Analog vs. Digital Drives

Analog vs. Digital Drives

Moore’s Law is hard at work, with silicon foundries churning faster-than-ever processors with every passing year. One may think that this tip the balance in favor of everything digital, but does it really? Read on and find out.

Let’s start off by analyzing the classic analog drive. An external controller is employed to generate a +/- 10Vdc signal, with the drive monitoring the winding current and estimating mechanical torque. A compensator is utilized for calculating the difference and generating the command signal, followed by a PWM that is used to control the switching voltages of the motor.

In contrast, digital drives encapsulate the previously mentioned calculation within the software program. The obvious advantage is compact size as well as the ability to update a new compensation-scheme algorithm on the fly. Both the current and torque signals have to be converted into digital representations. This is done by a sample & hold and an analog-to-digital converter. The higher the bit-capacity of the converter, the greater the accuracy of the digital representation.

As stated earlier, the upgrading of firmware is a major advantage of digital drive systems. Upgrades that are hardware-based in analog drives can simply be transformed into a few lines of code with digital drives. An example is that of active damping that required 100 components in an analog-drives while only a few lines of code in digital drive systems. New software can simply be posted on the manufacturer’s website, or with modern IoT based variants, flashed remotely.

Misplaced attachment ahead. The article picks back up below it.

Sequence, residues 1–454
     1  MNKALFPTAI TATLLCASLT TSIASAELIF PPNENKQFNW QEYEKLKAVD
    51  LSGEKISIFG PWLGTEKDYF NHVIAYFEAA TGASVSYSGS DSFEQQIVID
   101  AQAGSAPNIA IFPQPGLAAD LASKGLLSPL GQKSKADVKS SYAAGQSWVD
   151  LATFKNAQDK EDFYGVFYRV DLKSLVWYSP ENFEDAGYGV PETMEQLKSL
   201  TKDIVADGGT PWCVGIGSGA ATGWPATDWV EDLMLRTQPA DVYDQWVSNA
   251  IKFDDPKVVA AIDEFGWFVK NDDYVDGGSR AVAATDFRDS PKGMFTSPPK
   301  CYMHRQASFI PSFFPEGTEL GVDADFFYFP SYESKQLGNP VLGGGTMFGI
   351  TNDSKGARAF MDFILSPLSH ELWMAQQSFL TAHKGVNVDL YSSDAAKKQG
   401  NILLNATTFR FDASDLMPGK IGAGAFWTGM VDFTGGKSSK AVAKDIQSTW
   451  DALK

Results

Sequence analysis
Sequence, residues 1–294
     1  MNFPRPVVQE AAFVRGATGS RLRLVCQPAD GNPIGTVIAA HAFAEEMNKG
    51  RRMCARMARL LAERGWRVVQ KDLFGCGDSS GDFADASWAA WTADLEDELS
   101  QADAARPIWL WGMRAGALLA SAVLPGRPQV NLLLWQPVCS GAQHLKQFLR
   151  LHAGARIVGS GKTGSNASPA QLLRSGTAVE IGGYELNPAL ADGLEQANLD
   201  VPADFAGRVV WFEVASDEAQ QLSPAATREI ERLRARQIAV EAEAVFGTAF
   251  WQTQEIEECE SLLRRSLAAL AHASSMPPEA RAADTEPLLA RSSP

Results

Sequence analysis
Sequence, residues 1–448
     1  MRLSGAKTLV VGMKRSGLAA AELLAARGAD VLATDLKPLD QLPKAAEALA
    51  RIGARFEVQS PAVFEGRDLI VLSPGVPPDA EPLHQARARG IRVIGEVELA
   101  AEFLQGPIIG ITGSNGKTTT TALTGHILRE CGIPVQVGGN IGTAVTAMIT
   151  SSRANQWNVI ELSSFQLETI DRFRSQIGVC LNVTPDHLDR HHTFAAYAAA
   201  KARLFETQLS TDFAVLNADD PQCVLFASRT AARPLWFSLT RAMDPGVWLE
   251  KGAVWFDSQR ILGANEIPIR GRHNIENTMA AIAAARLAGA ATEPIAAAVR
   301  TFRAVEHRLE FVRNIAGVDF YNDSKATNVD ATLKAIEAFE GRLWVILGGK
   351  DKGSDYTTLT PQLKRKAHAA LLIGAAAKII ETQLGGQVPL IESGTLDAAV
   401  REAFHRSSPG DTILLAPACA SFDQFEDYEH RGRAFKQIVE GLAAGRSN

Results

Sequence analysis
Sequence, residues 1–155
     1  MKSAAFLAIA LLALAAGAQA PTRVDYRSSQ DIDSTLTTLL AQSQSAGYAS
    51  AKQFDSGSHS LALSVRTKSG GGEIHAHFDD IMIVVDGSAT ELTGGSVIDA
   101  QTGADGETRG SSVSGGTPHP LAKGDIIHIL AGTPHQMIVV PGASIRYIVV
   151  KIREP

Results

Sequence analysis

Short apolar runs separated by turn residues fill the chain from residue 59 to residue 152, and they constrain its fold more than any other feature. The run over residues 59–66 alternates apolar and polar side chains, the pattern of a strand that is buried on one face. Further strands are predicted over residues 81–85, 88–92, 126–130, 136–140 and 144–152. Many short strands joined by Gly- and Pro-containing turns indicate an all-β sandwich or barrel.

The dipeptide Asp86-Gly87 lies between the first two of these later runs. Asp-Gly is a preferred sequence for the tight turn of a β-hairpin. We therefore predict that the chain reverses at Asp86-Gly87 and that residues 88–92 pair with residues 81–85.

However, all is not golden. A major issue with digital drives is the sampling delay. Several hundred microseconds have passed when the controller’s torque command is sent and received by the drive control algorithm. The bandwidth of a motion system can be affected by this delay. An analog compensator constantly monitors the current while it is split into pulse-by-pulse control in digital system. Furthermore, the duty cycle of a digital system may lead to increased current values, causing problems in low inductance systems that have large current ripples.

Analog drives are less expensive that digital ones, however, the latter does provide greater flexibility, especially in systems that are prone to change with the passage of time. Advancements in digital circuitry are still needed to follow problems such as that of delay and pulse control, so that the performance of digital drives can be brought at par with analog drives in all aspects.

 

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